Editor’s Note: An incomplete version of this article was published here on April 2, 2018. The full article was published on April 10, 2018.
Don, a jovial man in his 50s, called me to announce, “I quit.” As a congregational mentor, his frustration with the 14-year-old youth with whom he was paired had reached a tipping point. “He shows up late to our meetings, grunts in response to my questions, and doesn’t respect me,” Don complained.
In my role as mentoring coordinator, I verbally released Don from his obligations, but inside I was seething. It was Don who needed a serious attitude adjustment. I wish I would have said to him, “Guess what, Don, mentoring is not about you. It’s about going the second mile, it’s about being present for the quirky, and supporting the sometimes raunchy.” I was especially disappointed because this young man, already considered an “at-risk” kid, now had one more adult who appeared not to care about him.
Mentoring is not all warm fuzzies. It might be heartwarming, but it may be gut wrenching and tearful. It is frustrating when a youth acts as though he or she is not invested in the relationship. However, as adults who have consented to walk alongside youth, we are covenanting to be their companion and support. We are not their parents, but that does not guard us from feeling strong connection and sadness when wrong decisions are made.
Being one-on-one with a youth has great potential, but it carries risk. Here are some best practices: be together with other mentor pairs in public places, check in regularly with parents, and communicate all details for your meetings with the parents or guardians. Check your own motivation for being a mentor. Receive training on personal boundaries and appropriate language. Make sure you have your mentee’s best interests in mind, and design your time together for healthy interaction.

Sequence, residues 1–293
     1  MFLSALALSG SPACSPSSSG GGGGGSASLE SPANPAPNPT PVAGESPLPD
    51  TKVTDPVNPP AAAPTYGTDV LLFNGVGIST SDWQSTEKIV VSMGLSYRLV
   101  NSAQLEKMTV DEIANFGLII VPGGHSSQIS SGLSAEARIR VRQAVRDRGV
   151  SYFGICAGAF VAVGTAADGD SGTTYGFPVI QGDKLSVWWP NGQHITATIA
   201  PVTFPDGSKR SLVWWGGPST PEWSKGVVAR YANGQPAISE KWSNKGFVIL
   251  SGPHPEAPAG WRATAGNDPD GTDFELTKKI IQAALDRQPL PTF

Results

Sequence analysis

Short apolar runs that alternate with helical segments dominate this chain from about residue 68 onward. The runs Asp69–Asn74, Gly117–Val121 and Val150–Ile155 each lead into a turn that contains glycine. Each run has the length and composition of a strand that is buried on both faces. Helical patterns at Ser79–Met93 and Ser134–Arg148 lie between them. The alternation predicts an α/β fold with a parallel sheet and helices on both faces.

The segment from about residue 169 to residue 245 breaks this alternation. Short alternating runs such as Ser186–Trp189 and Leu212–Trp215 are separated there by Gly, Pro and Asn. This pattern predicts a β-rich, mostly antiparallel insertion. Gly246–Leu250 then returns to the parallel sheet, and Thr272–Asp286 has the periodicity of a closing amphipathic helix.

Each of the five young women I have mentored have chosen paths vastly different from their parents’ in terms of faith walk, vocation, and lifestyle. Chalk that up to paying attention to their own personal spark, listening to God’s Spirit, and honoring their own voices. I have mentored a girl with physical challenges, a girl with academic excellence, and a girl whose parents were in the midst of a breakup. I cherished each relationship, but found myself needing to be quite nimble in the way I connected with them.
Their needs were vastly different, and so was what I could offer. I was clearly not a social worker nor a family member. I was there to offer compassionate listening and model mature Christian faith.
Our conversations centered on things from roadkill to Barbie dolls to family therapy. Our outings ranged from cookie baking to service experiences such as packing school kits for distribution around the world. We spoke of stilettos and college applications. We had amazing, ridiculously fun times, and moments of quiet awe. I was disappointed in some choices that were made but was very grateful for being a part of their lives. I am a richer person because of these relationships and have greater awareness of the struggles and desires of youth.
At the heart of my mentoring experience was my availability. Amid my own full career and family life, I said yes to being a mentor because our youth desperately need the presence of someone older and wiser, and nonjudgmental, in their lives. Even if they are not able to articulate it, they need a mature friend in whom they can confide. Untold benefits come from different generations befriending each other. Congregational-based mentoring continues to be one of the best ministries a church can offer.
Previously published in Purpose, March 2018. ©2018 by MennoMedia, Harrisonburg, VA 22803. Used with permission.